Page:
For instance, a recent study found that agricultural chemicals are often used inefficiently on small farms in China, leading to financial losses and serious local, regional and global pollution, ranging from eutrophication to particle pollution in the air and global warming.


The Chinese government has started making policy changes to address problems associated with smaller land sizes. Since 2014 they have been promoting “appropriate sized” family farms of about 13 hectares.

New laws have also eased the ability of companies to acquire larger areas of land. But this change also has the potential to seriously unsettle China’s vast rural population, almost half of which works on small farms.

Full Vision: How do you describe your Vision for a regenerative and nourishing food future for your Place and People for 2050?


2020 – Prototyping
With a team consisting of experts in fertilizer, soil & water management, technological innovation, design, embedded systems, and artificial intelligence, we have been working on building the first personal Autonomous Food Units for the last six months. Our physical unit is at the functional prototyping stage, allowing us to train our AI alongside. Our current prototype autonomously sends information about the plant’s progress, collected from various sensors and a camera, to our AI system.

2023 – First Units in Homes

As illustrated in the image titled “Autonomous Food Networks – the Timeline”, we envision that our first personal Autonomous Food Units (AFUs) will make their way into apartments in Shanghai by 2023. 

Each unit will be fully autonomous, using smart grow lights, highly precise demand-driven fertilization, and our trademark system that allows optimal spoon feeding of the crop. All these functions and more will be managed by an artificially intelligent system that curates the unit’s functions to each type of plant growing in it.

2025 – Connecting with Neighbours

Once a few people in the same neighbourhood start using personal AFUs to grow different herbs and vegetables of their choice, they connect with each other so form the first Autonomous Food Networks (AFNs).

They learn from each other, exchange and buy produce, and start building their diets and personal food systems around these networks.

2030 – Community Food Networks

As individual units become more efficient, with more control over their environment, and more options of foods to grow, the increased efficiency and variety allows new and old businesses to become part of the local networks. New organic restaurants open in the neighbourhood, growing their own produce on larger AFUs, buying from home users, and getting better at what to grow, cook and serve to their communities.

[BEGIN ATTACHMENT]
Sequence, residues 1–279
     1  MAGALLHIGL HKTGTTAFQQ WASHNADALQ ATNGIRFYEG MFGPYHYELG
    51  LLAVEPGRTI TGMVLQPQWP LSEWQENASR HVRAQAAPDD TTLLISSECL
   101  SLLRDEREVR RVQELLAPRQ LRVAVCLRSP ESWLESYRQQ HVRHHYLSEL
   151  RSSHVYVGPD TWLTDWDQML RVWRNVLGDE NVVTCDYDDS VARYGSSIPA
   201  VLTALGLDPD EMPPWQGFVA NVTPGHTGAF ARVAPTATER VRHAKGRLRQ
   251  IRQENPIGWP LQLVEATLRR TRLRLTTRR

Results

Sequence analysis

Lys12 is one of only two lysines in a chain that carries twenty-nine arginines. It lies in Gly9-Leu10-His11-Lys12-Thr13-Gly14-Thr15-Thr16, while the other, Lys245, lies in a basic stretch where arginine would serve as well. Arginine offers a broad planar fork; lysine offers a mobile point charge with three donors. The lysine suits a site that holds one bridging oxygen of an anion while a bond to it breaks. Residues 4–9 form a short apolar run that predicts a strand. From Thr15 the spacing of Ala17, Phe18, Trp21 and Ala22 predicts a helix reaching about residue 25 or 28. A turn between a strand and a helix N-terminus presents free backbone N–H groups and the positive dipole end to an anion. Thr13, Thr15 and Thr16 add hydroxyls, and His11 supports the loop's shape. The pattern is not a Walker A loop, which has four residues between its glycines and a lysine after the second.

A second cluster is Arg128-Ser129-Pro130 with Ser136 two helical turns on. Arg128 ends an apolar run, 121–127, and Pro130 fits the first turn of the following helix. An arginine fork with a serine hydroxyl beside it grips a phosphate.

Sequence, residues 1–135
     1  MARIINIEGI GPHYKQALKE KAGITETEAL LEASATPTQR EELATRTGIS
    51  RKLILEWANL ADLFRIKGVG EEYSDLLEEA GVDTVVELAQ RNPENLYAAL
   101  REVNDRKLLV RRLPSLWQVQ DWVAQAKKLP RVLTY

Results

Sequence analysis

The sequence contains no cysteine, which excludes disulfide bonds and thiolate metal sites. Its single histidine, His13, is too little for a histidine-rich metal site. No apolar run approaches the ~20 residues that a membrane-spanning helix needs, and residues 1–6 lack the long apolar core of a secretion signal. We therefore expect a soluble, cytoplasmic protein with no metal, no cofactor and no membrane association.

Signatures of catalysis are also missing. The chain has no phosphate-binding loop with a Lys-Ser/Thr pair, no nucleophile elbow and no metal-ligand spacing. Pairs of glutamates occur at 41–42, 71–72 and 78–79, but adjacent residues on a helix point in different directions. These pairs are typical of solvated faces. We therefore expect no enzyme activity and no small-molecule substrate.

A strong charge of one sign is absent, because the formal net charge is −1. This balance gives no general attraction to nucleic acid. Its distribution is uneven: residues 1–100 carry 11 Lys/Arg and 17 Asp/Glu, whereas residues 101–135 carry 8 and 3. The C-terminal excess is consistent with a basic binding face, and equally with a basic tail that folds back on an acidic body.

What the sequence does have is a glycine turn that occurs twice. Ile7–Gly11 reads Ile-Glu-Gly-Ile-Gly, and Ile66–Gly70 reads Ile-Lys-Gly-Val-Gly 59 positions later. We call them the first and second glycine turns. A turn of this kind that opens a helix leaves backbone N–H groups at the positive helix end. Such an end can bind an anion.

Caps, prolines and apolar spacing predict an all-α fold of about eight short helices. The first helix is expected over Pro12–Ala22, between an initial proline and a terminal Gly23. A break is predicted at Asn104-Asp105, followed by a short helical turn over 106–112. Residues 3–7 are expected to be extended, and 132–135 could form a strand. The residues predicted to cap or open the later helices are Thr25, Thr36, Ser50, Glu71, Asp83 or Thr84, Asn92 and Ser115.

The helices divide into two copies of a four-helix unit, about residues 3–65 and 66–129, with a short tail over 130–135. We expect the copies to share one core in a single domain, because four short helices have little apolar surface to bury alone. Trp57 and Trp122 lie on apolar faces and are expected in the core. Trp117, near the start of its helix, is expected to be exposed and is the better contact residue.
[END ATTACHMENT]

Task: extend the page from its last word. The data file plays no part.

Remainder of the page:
2035 – Food Networks Across Towns

Once various communities in different parts of Shanghai have their own localized Autonomous Food Networks more deeply entrenched in their larger food systems, they start forming connections with each other – buying, selling, exchanging produce, sharing ideas, building larger communities around food, nutrition and environmental responsibility.

2040 Onwards – Shanghai as an Autonomous Food Network

We envision that once a few of the 106 towns around Shanghai form their own Autonomous Food Networks, that effect will organically grow across the whole city, forever changing the landscape of Shanghai’s food systems.



With China’s urban population set to grow by 255 million in the next 30 years, the adverse effects of mass food-production, such as high carbon emissions, lowering biodiversity and worsening air quality will continue to multiply unless it can dramatically reduce the distance between the production and consumption of its food.

Shanghai is already the center of China’s drive to clean up its food production, with projects like the 100-hectare vertical farm known as the Sunqiao Urban Agricultural District already underway. 

Our vision is to bring the benefits of a localized food production ecosystem into people’s houses and neighbourhoods. We see our individual Autonomous Food Units, and the larger networks they will form, as an even more environmentally friendly way of feeding Shanghai’s population in 2050, which is projected to reach 50 million by then. Moreover, since our units’ spread across the city will largely depend on its ability to use artificial intelligence to manage resources across the Autonomous Food Network, its use of resources will keep getting more efficient as it spreads.


In light of the strain China’s move away from its traditional diets has caused its food supply systems, we envision a future where larger food systems will be able to autonomously adapt to the needs and choices of individuals, their families and their communities.